Stirling Castle, John O’Connor (1830 – 1889)

This rare print of a work by Irish artist John O’Connor (1830 – 1889) is a recent gift to the Stirling Smith collections. It was donated by Jean Archibald, who when working for the British Library, was able to pick up interesting Scottish views from the print shops in Great Russell Street, London.

The image dates from 1869 or after, when the Wallace Monument was completed on Abbey Craig. As the work was engraved by H. Adlard for reproduction, it must have been completed in 1869, as works by him are limited to the period 1824 – 1869.
O’Connor had a very interesting career. Orphaned at the age of 12, he got work as a call boy and assistant scene painter in a Belfast theatre. He became skilled in painting and got another post in Drury Lane Theatre in 1848, moving to the Haymarket Theatre as Principal Scene Painter in 1863. He exhibited his own work from 1854 onwards, and obtained the patronage of the Royal family.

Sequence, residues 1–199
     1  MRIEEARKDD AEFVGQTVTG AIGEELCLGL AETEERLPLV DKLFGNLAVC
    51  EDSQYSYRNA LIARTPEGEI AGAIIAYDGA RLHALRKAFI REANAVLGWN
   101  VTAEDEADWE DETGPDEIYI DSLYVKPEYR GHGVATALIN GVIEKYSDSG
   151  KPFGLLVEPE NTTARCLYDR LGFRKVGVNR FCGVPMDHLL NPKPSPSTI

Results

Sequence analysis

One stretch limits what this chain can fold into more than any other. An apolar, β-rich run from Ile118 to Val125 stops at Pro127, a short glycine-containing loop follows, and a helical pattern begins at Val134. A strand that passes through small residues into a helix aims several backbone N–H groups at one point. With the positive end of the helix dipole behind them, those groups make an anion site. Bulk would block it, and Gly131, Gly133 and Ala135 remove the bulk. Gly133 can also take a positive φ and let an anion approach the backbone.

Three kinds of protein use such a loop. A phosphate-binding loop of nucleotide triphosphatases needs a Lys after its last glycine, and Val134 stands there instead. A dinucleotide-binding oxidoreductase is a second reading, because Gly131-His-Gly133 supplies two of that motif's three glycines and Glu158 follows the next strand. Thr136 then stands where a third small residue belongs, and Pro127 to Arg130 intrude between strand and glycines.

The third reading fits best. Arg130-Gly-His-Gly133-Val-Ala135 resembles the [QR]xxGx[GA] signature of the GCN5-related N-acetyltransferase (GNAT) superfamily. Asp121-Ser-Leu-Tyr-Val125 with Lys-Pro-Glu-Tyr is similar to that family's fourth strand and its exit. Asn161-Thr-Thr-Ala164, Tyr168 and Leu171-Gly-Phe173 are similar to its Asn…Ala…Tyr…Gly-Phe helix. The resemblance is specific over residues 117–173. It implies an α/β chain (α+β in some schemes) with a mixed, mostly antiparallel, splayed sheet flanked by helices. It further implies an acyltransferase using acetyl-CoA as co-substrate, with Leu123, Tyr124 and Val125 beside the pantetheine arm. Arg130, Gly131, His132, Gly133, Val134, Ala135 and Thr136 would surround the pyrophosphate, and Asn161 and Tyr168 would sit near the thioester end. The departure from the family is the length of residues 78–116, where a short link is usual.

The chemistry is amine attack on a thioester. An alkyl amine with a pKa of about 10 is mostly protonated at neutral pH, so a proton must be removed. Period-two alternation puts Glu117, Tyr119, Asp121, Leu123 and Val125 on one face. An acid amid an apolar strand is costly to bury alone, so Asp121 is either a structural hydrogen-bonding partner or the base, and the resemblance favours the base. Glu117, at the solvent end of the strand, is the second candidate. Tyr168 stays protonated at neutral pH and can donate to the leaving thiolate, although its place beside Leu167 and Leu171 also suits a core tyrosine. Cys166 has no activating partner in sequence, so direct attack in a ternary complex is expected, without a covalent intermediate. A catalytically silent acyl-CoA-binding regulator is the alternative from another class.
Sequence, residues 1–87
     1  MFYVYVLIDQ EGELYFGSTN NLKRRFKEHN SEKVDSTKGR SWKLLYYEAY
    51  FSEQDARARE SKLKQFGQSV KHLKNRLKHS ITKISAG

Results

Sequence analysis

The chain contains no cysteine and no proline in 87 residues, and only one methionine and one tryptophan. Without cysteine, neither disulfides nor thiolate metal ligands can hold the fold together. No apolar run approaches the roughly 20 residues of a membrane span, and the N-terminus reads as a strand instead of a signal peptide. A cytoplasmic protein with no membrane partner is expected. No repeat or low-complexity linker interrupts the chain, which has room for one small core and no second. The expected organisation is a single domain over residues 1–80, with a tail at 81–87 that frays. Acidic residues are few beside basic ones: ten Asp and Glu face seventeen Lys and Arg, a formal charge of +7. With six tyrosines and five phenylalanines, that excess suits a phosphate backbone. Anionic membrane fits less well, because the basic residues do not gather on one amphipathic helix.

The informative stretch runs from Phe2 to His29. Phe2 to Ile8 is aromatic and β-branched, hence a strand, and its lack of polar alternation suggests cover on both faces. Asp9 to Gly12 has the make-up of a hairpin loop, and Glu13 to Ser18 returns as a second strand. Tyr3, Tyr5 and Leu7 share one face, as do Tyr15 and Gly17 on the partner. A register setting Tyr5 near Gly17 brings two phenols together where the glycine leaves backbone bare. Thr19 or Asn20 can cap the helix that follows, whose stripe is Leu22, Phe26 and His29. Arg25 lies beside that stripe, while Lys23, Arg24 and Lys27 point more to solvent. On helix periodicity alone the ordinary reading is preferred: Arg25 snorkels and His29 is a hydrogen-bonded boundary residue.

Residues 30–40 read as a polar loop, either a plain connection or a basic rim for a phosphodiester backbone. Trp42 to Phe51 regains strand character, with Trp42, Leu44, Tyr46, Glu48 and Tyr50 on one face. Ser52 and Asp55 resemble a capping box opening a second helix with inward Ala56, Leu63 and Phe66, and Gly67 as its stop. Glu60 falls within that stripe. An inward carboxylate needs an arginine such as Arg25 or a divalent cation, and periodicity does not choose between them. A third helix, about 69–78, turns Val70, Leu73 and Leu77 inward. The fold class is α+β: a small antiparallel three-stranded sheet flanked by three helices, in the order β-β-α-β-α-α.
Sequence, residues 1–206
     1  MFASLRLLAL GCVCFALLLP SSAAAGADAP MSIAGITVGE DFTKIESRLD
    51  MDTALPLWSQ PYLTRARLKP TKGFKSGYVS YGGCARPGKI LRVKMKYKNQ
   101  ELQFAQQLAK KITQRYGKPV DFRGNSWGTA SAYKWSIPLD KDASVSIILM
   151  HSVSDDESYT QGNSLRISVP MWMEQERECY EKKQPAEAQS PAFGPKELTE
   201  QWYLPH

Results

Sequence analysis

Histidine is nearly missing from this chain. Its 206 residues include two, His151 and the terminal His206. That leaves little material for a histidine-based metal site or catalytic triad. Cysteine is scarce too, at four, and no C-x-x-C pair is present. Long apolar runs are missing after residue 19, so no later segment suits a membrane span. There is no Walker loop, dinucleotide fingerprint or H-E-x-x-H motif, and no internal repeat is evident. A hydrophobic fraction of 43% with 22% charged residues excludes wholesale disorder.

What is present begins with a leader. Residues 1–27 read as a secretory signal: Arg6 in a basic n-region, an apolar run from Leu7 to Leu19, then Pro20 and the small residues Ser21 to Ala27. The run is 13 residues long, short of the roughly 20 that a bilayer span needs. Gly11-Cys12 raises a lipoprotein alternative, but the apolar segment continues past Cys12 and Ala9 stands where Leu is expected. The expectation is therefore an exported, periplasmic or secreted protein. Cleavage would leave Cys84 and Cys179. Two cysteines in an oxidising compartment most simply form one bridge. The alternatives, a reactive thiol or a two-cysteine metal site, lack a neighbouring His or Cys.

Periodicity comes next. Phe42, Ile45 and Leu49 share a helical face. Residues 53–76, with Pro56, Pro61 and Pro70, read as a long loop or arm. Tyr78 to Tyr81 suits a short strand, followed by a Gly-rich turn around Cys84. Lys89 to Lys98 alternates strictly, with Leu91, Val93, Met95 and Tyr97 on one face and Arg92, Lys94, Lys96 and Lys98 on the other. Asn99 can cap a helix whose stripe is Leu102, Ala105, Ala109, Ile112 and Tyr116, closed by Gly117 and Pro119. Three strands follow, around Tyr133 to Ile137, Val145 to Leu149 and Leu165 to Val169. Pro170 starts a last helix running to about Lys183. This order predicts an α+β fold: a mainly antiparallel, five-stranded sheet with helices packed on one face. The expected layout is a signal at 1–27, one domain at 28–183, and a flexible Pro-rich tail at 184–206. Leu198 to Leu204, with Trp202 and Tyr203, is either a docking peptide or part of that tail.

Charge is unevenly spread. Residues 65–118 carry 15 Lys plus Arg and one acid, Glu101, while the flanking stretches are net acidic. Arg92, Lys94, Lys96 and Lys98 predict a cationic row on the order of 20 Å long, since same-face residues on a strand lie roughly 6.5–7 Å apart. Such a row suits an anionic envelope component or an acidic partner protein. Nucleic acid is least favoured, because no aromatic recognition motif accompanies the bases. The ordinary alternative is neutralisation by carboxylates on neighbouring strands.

His view of Stirling incorporates all of the best features of the landscape, but as a scene painter, he has manipulated them to create a familiar, if unrealistic picture, showing features which cannot be seen from one viewpoint.


  1. REPLY
    Stan Fronczak says

    I have an engraved print of John O’Connors drawing of Stirling Castle. It is not colorized. I would like to know if there is any value in it. It is mounted in a frame that has very wavy glass on it. The print itself is 17 1/2″ wide X 10 1/4″ top to bottom.

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